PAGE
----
Gloucestershire could benefit from a number of improvements to rail services, according to the recent findings of a Network Rail study.

In addition to supporting planned housing and employment growth in the county, the improvements would also reduce car emissions and contribute towards the council’s carbon reduction targets.

The report outlines new infrastructure and rail services that are needed on the route between Bristol and Birmingham. Network Rail has led the study, in collaboration with partner organisations and stakeholders including Gloucestershire County Council. The findings build on the opportunities identified in the council’s own rail investment strategy, for which £150,000 of funding has already been approved.

The recommendations in Network Rail’s report include:

• An hourly Cardiff to Birmingham service calling at Ashchurch for Tewkesbury;

• A metro-style service between Gloucester and Bristol, which will initially provide two trains per hour as part of the committed MetroWest service improvements and then four trains per hour under Network Rail’s proposals;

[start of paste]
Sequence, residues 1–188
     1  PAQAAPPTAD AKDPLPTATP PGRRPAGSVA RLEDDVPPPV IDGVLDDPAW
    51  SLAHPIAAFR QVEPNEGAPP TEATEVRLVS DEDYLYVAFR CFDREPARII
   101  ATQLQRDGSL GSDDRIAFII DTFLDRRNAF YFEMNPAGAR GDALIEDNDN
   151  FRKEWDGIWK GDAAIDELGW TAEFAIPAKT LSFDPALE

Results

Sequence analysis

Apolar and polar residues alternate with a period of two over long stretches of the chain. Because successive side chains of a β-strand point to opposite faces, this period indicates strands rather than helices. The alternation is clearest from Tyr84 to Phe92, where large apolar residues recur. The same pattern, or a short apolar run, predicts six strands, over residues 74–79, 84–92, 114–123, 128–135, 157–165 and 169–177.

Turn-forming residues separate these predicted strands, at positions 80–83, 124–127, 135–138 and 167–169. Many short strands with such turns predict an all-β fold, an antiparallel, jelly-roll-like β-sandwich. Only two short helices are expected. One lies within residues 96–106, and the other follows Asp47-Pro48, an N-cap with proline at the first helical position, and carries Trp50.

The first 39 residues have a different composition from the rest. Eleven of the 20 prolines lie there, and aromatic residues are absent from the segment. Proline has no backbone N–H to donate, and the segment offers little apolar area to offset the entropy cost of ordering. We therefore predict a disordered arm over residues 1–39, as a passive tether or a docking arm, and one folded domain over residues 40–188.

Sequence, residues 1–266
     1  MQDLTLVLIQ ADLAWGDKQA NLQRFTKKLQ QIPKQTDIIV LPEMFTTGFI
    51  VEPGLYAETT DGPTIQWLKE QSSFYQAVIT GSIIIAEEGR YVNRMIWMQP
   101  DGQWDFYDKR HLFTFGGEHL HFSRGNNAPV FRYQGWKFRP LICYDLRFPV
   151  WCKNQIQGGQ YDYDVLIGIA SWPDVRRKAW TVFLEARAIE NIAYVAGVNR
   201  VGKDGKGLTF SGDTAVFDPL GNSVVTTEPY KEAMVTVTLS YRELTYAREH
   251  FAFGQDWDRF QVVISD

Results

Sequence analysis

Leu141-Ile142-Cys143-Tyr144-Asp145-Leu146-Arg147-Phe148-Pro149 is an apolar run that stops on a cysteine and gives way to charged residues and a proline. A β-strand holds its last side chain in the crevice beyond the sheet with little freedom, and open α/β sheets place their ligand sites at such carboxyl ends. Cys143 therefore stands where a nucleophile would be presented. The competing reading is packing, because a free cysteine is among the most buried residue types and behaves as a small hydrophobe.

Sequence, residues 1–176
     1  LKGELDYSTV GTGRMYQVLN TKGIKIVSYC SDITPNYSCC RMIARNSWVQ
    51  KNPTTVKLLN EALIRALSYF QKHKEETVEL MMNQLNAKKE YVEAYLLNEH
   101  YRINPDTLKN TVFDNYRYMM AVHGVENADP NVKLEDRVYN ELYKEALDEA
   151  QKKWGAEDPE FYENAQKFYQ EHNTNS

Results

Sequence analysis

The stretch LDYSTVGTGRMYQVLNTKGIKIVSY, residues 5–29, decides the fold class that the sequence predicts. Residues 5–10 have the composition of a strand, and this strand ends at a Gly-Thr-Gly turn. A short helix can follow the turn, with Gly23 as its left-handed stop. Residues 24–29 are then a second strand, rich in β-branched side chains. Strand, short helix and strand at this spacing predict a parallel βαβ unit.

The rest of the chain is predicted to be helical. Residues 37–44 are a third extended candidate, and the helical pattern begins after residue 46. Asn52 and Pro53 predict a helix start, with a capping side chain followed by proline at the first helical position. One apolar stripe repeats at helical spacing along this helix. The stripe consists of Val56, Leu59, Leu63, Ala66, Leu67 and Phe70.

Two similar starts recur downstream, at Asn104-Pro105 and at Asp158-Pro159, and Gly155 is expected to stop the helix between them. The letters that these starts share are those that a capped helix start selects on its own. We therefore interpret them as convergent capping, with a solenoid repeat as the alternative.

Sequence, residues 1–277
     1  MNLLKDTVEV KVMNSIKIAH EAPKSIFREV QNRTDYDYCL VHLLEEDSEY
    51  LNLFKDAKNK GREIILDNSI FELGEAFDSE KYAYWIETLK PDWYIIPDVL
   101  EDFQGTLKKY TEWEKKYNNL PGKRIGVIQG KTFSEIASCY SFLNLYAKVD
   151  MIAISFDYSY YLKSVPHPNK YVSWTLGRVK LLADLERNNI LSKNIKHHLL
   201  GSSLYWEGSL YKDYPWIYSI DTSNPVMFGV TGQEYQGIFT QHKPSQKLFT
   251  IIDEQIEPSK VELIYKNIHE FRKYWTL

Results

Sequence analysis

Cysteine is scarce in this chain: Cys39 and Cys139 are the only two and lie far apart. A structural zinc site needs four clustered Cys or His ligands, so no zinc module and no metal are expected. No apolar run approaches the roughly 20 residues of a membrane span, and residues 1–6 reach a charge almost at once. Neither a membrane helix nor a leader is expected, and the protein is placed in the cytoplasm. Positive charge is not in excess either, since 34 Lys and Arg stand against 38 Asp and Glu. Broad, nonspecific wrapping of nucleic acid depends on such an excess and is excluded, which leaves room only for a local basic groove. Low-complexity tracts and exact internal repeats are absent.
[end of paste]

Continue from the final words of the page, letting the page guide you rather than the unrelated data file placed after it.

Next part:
• Improved connections to Worcester, transforming a two hourly service into a half hourly service;

• An additional Swindon to Gloucester/Cheltenham service; and

• Improved connections to the North Cotswold Line with additional stops planned for Worcestershire Parkway.

At its meeting on September 22, Gloucestershire County Council’s cabinet is being asked to endorse the findings of the report and agree next steps to move the study forward. This includes the council becoming part of the Bristol to Birmingham Rail Partnership.

Cllr David Gray, cabinet member for environment and planning, said: “Network Rail’s report supports and reinforces the findings of our own Gloucestershire Rail Investment Strategy. It is crucial that we continue to engage with National Rail. This will enable us to maximise the environmental and economic opportunities identified, as well as ensuring we meet existing and future demand for rail services in Gloucestershire.”